Straddling Borders: Literature and Identity in Subcarpathian Rus'
Published: May 2003© 2003
Imprint: University of Toronto Press
Page Count: 576 Pages
Dimensions: 6.23 x 9.25
576 Pages, 6.23 x 9.25 x 1.66 in
The Subcarpathian Rusyns are an east Slavic people who live along the southern slopes of the Carpathian mountains where the borders of Ukraine, Slovakia, and Poland meet. Through centuries of oppression under the Austro-Hungarian and Soviet empires, they have struggled to preserve their culture and identity. Rusyn literature, reflecting various national influences and written in several linguistic variants, has historically been a response to social conditions, an affirmation of identity, and a strategy to ensure national survival.
In this first English-language study of Rusyn literature, Elaine Rusinko looks at the literary history of Subcarpathia from the perspective of cultural studies and postcolonial theory, presenting Rusyn literature as a process of continual negotiation among states, religions, and languages, resulting in a characteristic hybridity that has made it difficult to classify Rusyn literature in traditional literary scholarship.
Rusinko traces Rusyn literature from its emergence in the sixteenth century, through the national awakening of the mid-nineteenth century and its struggle for survival under Hungarian oppression, to its renaissance in inter-war Czechoslovakia. She argues that Rusyn literature provides an acute illustration of the constructedness of national identity, and has prefigured international postmodern culture with its emphasis on border-crossings, intersecting influences, and liminal spaces. With extracts from Rusyn texts never before available in English, Rusinko's study creates an entirely new perspective on Rusyn literature that rescues it from the clichés of Soviet dominated critical theory and makes an important contribution to Slavic studies in particular and post-colonial critical studies in general.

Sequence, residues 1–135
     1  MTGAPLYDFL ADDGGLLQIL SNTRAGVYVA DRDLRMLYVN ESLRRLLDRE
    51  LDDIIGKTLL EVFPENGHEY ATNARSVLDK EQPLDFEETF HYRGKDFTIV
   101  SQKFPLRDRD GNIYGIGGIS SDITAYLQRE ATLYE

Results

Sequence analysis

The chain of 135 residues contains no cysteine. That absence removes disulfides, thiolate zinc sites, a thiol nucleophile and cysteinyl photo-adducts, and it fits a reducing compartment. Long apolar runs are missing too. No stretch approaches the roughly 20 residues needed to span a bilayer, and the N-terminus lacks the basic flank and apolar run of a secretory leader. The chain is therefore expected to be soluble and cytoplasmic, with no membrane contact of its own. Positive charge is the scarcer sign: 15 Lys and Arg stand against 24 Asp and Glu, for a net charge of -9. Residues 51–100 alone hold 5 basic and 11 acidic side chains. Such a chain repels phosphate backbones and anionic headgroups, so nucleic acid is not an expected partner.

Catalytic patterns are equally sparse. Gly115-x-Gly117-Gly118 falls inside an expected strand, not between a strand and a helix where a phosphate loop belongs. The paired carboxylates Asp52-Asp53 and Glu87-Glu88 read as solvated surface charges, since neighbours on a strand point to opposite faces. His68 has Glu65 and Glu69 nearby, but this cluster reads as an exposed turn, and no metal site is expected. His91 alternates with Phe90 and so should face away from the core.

'Rusinko's study is richly imagined, thoroughly researched, lucidly written. Rusinko deals very thoughtfully with the many specific problems raised by individual works, but she also looks at more general issues. The vivacity, the sheer critical intelligence with which such problems and issues are being posed constitute some of the most outstanding features of this book. The strongest aspects of Literature and Identity in Subcarpathian Rus' are Rusinko's intellectual courage to challenge the long-standing scholarly paradigm that ignores Rusyn literature; her prodigious research, the sine qua non of responsible scholarship; and her sophisticated conceptual framework attentive to current debates in critical theory, particularly postcolonial theory and cultural studies.'Halina Filipowicz, Professor of Slavic Languages and Literatures, University of Wisconsin, Madison